All of my work gear is camera kit that gets packed into a pelicase ("have you got any pppelicans in there??!") so that it's safe from water and dust and so that I can carry it onto planes rather than put it at the mercy of baggage handlers because it looks all important, electronic and expensive.
Backpack on back, pelicase in one hand and boardbag in the other (or being dragged along the shiny airport floor).  Sorted, and still moveable once beyond the boundaries of the airport trolleys and out into the real world.  Oh, and don't forget to pack a good book in there somewhere.

Sunday, August 18, 2013

Dive For Your Dinner

Food always tastes a whole heap better when you've got it straight from the source.  Diving for your dinner is also a really nice way to enjoy getting in the sea and seeing bits of the coastline that otherwise get floated over.  We often pass by rocky little nooks and crannies in the coast and, as with so many other things in life, don't take the time to get to know them or appreciate them for what they are.  Swimming around the reefs and boulders at the bottom of the cliffs, a lungful of air pushing at the inside of your chest, looking under every ledge and in every seaweed filled notch means that a whole lot more time is spent exploring small patches of the coast and getting to know it more intimately.  And if we come home with dinner then all the better, although the fish have a habit of making sure that it doesn't always work out like that.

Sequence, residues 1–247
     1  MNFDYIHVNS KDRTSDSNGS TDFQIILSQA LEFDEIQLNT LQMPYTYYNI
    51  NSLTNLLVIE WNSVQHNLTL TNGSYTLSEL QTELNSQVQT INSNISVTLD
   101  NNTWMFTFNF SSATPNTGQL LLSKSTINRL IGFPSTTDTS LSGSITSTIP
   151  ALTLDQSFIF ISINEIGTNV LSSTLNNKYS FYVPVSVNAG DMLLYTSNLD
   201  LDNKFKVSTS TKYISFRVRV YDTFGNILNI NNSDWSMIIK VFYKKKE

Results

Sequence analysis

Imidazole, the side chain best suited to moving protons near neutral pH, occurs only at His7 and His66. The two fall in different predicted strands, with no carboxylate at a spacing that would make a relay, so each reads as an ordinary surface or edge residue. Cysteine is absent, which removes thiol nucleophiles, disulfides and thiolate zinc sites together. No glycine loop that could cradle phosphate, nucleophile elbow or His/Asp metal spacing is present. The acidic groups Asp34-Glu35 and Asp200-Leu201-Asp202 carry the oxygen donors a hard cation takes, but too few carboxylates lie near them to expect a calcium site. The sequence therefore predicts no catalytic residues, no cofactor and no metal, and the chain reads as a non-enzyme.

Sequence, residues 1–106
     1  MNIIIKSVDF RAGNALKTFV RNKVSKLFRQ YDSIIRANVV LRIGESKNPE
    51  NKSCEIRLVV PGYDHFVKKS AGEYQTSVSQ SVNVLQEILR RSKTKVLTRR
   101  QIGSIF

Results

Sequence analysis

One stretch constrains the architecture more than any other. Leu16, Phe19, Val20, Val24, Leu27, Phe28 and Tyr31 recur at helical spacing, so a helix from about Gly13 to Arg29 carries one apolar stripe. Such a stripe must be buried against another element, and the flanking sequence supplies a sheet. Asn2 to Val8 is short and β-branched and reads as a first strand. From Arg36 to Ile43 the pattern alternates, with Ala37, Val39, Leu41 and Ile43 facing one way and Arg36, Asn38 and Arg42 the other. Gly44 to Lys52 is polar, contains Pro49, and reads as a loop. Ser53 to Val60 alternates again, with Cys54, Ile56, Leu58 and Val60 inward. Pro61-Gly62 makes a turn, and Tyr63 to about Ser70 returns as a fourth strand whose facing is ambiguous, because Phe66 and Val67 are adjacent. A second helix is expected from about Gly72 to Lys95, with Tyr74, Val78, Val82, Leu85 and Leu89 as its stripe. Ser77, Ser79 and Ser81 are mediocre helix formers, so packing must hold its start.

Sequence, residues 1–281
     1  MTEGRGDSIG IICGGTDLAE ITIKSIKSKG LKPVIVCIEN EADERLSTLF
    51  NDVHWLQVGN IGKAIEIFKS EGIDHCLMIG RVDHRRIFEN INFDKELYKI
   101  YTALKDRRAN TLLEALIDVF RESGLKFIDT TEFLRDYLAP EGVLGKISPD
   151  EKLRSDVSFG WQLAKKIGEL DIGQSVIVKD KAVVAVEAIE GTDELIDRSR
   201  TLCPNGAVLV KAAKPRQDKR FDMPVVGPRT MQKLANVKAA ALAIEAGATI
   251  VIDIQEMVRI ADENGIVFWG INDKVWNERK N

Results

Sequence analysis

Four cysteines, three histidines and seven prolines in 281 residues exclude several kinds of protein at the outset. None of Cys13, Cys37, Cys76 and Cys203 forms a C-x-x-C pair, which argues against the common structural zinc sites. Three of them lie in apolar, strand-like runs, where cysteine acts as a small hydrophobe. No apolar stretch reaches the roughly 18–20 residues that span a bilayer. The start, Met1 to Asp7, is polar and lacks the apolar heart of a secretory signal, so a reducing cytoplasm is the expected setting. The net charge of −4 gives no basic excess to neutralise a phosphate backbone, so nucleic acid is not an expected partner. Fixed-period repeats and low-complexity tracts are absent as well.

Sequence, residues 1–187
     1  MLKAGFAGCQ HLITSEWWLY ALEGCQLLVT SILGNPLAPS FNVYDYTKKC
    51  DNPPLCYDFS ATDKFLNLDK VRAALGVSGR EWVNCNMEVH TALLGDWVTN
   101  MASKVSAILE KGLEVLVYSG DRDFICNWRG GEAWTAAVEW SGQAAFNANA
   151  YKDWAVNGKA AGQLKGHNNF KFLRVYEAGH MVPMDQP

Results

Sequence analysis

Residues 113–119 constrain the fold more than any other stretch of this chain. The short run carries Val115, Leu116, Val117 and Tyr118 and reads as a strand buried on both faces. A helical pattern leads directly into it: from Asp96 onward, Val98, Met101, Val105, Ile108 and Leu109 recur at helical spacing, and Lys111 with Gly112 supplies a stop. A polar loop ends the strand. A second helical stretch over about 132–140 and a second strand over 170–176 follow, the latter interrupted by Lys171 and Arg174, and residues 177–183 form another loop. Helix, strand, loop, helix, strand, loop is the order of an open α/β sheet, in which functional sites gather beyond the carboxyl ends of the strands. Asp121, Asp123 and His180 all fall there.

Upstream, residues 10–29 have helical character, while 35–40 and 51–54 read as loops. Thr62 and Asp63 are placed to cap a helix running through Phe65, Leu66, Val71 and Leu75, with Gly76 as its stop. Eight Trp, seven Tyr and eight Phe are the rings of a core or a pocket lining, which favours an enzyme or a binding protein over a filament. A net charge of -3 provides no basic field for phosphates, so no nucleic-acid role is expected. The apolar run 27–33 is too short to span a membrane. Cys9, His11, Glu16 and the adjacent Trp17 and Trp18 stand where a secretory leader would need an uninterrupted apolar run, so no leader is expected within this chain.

Sunday, August 11, 2013

Fun Is Free: Swim In The Sea

It's summer here in the Northern Hemisphere and there can't be anything much more refreshing than swimming in the sea.  In fact, it doesn't even have to be swimming in the sea - wading in and ducking your head under or floating on your back for a few minutes can achieve the desired effect just as easily. I've banged on about the positive psychological impact of negative ions before, but swimming in the sea in summer serves more than one purpose:  refreshing, cooling, relaxing and washing, all for free.  Here's the rules though - you have to dunk your head under the water and you can't wear a wetsuit.  You heard - swimming trunks or boardshorts are acceptable, but for it to have to have the maximum positive impact upon your day it really ought to be unplanned and therefore necessitate you swimming in your smalls, or if there's nobody around to take any offence, the raw.  Putting on a wetsuit implies that you're training for a triathalon, whereas swimming in the sea in your pants implies that it's summer and you know what's good for you.